DALLAS, AUG. 4, 2021 — As COVID-19 vaccinations become more widespread, people who have put off seeing a doctor during the pandemic are now significantly more likely to seek care. The president of the American Heart Association, the leading voluntary organization devoted to a world of longer, healthier lives, says it’s a good time to check in with your doctors to take stock of your overall health along with any chronic conditions you may have like high blood pressure or diabetes.

“There were many patients who were hesitant to come anywhere near the hospital, clinic or doctor’s office for some time,” said Donald Lloyd-Jones, M.D., Sc.M., FAHA, professor of Preventive Medicine, Medicine and Pediatrics and chair of Preventive Medicine, Northwestern University Feinberg School of Medicine in Chicago, who became president of the American Heart Association in July. “I certainly encourage patients to come in to make sure we’re addressing all their health issues.”

Recently, only 19% of U.S. adults reported delaying or not getting medical care in the prior four weeks because of the pandemic, according to the CDC’s latest Household Pulse Survey conducted between June 23 and July 5, 2021. That’s a marked decline from 45% of respondents reporting pandemic-related delays in the same period last year.

For those still hesitating to seek care, Lloyd-Jones assures them it’s safe to come back.

“We have plans to keep you and our medical staff safe, even during a pandemic. Health for you and for our team is always our number one priority,” he said.

As people return to in-person medical visits, Lloyd-Jones offers the following tips:

Leave the shame at home. Many people experienced a COVID backslide with their health status. ”Stress took a toll on all of us, and our lives and routines were turned upside down. There’s nothing to be ashamed of here,” Lloyd-Jones said. “The key is—let’s move forward together.”

Track your body metrics. Leading up to your appointment, start measuring and documenting your daily weight, blood pressure (if you have a home blood pressure machine), blood sugar levels (for those with diabetes), etc. “Even if it’s been a while since you’ve tracked your body metrics, providing recent measurements will help your doctor determine if there have been significant changes,” Lloyd-Jones said.

Bring a list of questions. Writing down your questions in advance on everything from COVID-19 vaccination and preventing a stroke to that health tip your neighbor gave you will help make the most of your time together with your health care professional. “There’s no such thing as an embarrassing or bad question at your doctor’s office,” Lloyd-Jones said.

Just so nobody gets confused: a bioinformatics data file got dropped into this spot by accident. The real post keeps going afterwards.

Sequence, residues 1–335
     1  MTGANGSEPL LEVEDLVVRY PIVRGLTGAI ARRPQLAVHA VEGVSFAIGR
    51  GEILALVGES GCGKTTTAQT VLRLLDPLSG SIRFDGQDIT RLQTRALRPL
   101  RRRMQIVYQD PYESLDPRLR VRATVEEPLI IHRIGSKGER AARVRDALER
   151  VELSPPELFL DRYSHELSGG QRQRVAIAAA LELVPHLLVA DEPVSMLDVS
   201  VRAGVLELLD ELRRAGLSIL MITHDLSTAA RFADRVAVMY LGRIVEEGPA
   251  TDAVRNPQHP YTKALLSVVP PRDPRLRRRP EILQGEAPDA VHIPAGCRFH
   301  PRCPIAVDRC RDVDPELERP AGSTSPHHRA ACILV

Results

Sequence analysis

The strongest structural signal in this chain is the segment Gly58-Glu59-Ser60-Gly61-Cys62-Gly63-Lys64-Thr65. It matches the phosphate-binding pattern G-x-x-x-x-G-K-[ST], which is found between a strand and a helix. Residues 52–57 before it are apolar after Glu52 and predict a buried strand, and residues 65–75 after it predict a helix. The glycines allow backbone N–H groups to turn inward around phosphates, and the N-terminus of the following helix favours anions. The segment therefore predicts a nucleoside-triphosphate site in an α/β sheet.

Make an action plan with your doctor. “Doctors are here to help,” Lloyd-Jones said. Together, patients and their health care providers can discuss how to get to a healthier place and make a plan for how to get there.

Set realistic goals. We’ve spent the last 17 months managing the stress of the pandemic. Incorporating new healthy habits—or reinstating pre-pandemic ones—isn’t going to happen overnight. “Keep in mind that small, consistent habits can add up to big changes over time,” Lloyd-Jones said.

Pay close attention to any symptom changes. If you’ve experienced any new symptoms—physically or mentally—don’t wait to see your doctor. “New chest pain symptoms in particular are always a red flag,” Lloyd-Jones said. “That’s something we want to know about and see you about ASAP.”

Lloyd-Jones also emphasizes that if your medications don’t seem to be working as well or you can’t afford them, call your doctor right away and let them know what’s going on so they can help you.

“Our goal, like yours, is to make sure you’re getting the care you need to live your longest, healthiest life possible,” Lloyd-Jones said.

If you don’t have a primary care office or if unemployment has impacted your access to health care, resources like Federally Qualified Health Centers and Community Health Centers can help.

For more tips on getting back to the doctor and reclaiming your health, visit http://www.heart.org/callyourdoctor.

Additional Resources:

About the American Heart Association

The American Heart Association is a relentless force for a world of longer, healthier lives. We are dedicated to ensuring equitable health in all communities. Through collaboration with numerous organizations, and powered by millions of volunteers, we fund innovative research, advocate for the public’s health and share lifesaving resources. The Dallas-based organization has been a leading source of health information for nearly a century. Connect with us on heart.org, Facebook, Twitter or by calling 1-800-AHA-USA1.


For Media Inquiries and AHA/ASA Expert Perspective: 214-706-1173

Jayme Sandberg: jayme.sandberg@heart.org; 214-706-2169

For Public Inquiries: 1-800-AHA-USA1 (242-8721)

heart.org and stroke.org